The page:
Barber and Williams played three nonproductive seasons for the Cowboys after getting their rich contracts. Barber’s seven-year, $45 million deal included $16 million guaranteed. About half of Williams’ six-year, $54 million deal, which he signed before playing a down for the Cowboys, was guaranteed.

Newman played four seasons of his six-year, $50.2 million deal, which included $22.5 million guaranteed. He struggled much of the last two seasons, but Newman was still the best buy of the Cowboys’ ’08 shopping spree.

Miles Austin extension in cross hairs

March, 12, 2012
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IRVING, Texas – As ESPN’s Adam Schefter reported, the Cowboys will be docked $10 million in salary cap space that can be spread out over the next two years for the structures of deals in the 2010 uncapped season.

According to sources in Schefter’s report, “the Cowboys and Redskins took immediate cap hits during the 2010 season that normally would have been spread out over the length of the contracts, giving them an advantage that other NFL owners found unfair.”

The Cowboys signed wide receiver Miles Austin to a six-year extension worth $54 million and paid him a $17 million base salary, which worked within the rules of an uncapped season. In a capped season, players are normally given large signing bonuses that are prorated over the course of the contract to come up with a salary-cap charge.

As part of the original deal, Austin was to receive a 2011 base salary of $8.5 million. The Cowboys created salary-cap room prior to last season by lowering Austin’s base to $685,000 and turning $7.855 million into signing bonus, which is a common practice by teams across the league.

The Cowboys did not sign a high-priced free agent of note in 2010 and the only veterans that were released prior to that season were left tackle Flozell Adams and safety Ken Hamlin.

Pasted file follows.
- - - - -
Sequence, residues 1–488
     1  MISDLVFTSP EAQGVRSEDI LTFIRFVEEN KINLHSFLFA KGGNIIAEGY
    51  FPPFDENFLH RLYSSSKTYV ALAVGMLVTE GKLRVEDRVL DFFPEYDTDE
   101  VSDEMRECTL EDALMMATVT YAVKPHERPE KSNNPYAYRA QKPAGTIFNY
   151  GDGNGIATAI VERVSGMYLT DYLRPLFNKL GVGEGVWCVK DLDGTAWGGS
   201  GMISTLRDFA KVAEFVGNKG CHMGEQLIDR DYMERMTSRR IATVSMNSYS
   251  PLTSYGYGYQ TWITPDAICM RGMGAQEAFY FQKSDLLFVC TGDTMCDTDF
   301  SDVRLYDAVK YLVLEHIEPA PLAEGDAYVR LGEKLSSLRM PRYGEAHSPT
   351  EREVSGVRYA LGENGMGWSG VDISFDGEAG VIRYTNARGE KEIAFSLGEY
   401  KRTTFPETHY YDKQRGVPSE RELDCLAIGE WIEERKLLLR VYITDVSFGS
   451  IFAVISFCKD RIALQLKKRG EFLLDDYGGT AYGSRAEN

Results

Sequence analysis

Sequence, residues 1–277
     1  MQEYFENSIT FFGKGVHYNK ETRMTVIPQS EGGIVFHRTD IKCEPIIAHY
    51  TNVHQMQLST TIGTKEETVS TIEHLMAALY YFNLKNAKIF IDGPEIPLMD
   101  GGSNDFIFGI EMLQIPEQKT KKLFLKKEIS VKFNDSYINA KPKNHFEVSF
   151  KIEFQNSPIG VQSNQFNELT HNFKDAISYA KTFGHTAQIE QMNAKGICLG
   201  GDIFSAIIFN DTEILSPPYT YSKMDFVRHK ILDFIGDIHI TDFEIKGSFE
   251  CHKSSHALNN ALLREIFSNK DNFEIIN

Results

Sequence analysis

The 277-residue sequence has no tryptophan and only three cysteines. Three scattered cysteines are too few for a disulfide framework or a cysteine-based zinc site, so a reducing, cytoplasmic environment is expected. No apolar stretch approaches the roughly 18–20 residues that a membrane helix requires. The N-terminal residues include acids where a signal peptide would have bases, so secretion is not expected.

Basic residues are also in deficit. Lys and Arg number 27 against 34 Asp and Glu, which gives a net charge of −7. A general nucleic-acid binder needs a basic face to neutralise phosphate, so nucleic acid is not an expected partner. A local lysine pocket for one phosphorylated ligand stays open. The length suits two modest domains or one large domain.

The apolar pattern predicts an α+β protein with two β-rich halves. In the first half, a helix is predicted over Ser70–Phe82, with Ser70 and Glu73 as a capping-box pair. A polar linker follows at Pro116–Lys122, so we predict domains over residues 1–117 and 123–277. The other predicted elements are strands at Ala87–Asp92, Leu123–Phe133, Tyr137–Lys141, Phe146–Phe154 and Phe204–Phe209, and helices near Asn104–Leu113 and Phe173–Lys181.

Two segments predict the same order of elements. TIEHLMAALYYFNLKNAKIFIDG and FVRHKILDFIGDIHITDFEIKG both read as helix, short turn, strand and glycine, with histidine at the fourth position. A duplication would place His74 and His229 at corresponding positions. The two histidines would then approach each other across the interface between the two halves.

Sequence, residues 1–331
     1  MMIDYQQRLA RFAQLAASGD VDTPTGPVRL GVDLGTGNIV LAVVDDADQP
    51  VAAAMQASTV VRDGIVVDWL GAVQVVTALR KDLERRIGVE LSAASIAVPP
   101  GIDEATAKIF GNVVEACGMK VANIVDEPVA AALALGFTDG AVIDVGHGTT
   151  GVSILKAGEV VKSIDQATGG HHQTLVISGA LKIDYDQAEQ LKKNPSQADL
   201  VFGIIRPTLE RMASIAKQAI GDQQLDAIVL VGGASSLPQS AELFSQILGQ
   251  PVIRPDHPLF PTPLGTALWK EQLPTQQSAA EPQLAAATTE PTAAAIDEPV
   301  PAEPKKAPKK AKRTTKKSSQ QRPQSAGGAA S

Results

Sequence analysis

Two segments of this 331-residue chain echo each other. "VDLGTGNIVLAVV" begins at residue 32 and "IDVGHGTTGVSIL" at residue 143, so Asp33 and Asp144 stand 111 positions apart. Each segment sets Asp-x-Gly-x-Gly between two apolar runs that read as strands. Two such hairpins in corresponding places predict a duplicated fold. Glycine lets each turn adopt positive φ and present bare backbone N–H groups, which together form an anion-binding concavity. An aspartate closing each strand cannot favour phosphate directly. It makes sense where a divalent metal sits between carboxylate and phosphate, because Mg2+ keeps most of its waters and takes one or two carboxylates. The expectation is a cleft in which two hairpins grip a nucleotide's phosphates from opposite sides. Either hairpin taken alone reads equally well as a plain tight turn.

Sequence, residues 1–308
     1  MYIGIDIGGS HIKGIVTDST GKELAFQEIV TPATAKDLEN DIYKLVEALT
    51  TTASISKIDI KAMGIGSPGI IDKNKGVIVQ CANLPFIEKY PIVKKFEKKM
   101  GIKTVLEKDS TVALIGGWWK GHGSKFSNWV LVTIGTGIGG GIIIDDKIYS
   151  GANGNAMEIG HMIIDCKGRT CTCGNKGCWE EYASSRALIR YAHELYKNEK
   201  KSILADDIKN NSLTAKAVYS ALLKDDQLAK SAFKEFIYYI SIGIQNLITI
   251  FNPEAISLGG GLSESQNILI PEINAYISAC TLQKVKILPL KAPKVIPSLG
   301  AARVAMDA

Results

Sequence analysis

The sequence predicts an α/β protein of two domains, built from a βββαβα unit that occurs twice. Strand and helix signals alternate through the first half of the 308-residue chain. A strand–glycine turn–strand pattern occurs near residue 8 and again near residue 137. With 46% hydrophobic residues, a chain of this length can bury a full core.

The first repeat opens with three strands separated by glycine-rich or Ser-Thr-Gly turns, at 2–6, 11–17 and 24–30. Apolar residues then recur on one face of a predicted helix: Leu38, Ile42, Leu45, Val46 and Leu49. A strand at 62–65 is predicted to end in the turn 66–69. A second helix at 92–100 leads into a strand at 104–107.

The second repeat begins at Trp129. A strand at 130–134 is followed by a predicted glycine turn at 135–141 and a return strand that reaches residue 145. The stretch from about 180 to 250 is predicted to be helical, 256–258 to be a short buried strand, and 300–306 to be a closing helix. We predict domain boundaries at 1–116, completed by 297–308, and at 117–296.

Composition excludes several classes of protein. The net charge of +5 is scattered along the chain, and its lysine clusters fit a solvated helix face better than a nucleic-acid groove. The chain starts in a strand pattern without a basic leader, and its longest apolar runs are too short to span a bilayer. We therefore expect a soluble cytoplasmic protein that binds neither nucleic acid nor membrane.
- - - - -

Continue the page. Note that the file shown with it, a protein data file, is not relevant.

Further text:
Breaking down Anthony Spencer's tag

March, 5, 2012
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IRVING, Texas -- Now that the Cowboys have placed the franchise tag on outside linebacker Anthony Spencer, let’s look at some other aspects of the tag.

** The $8.8 million is guaranteed once Spencer signs the tender. He could choose to hold off on signing, which is what Ken Hamlin did in 2008, and skip the offseason program, organized team activities and minicamps. But he also runs the risk of the Cowboys rescinding the offer at any point, especially if they use a high draft pick in April. By then teams would not have as much salary-cap room as they would entering free agency.

** The Cowboys can still trade Spencer to another team. If a team wants to sign Spencer to an offer sheet, then they would be required to fork over two first-round draft picks. Remember Joey Galloway’s deal with the Cowboys? But the Cowboys could also swing a trade for different (lower) compensation. In 2006, Atlanta traded for New York Jets’ franchise player, John Abraham, in a three-way deal with Denver that cost the Falcons their first-round pick. In 2001, Aeneas Williams was traded from Arizona to St. Louis for second- and fourth-round picks.

** The Cowboys and Spencer’s agent, Roosevelt Barnes, have until July 16 to reach a deal on a long-term contract, if they want to come to such an arrangement. After July 16, Spencer has to play the season on the $8.8 million tag and the sides can’t sign a new deal until after the season is over.

** For those wondering how this affects the Cowboys’ ability to sign players in free agency, don’t be too worried. They can still do whatever it is they want by moving some money around. The Cowboys were $12.6 million under the cap before the Spencer tag. The Cowboys can create about $8.6 million in space by the already agreed upon reworkings of the deals of Doug Free and Orlando Scandrick. By cutting Terence Newman, they could save either $4 million or $6 million. They can create more room by reworking DeMarcus Ware’s contract, too.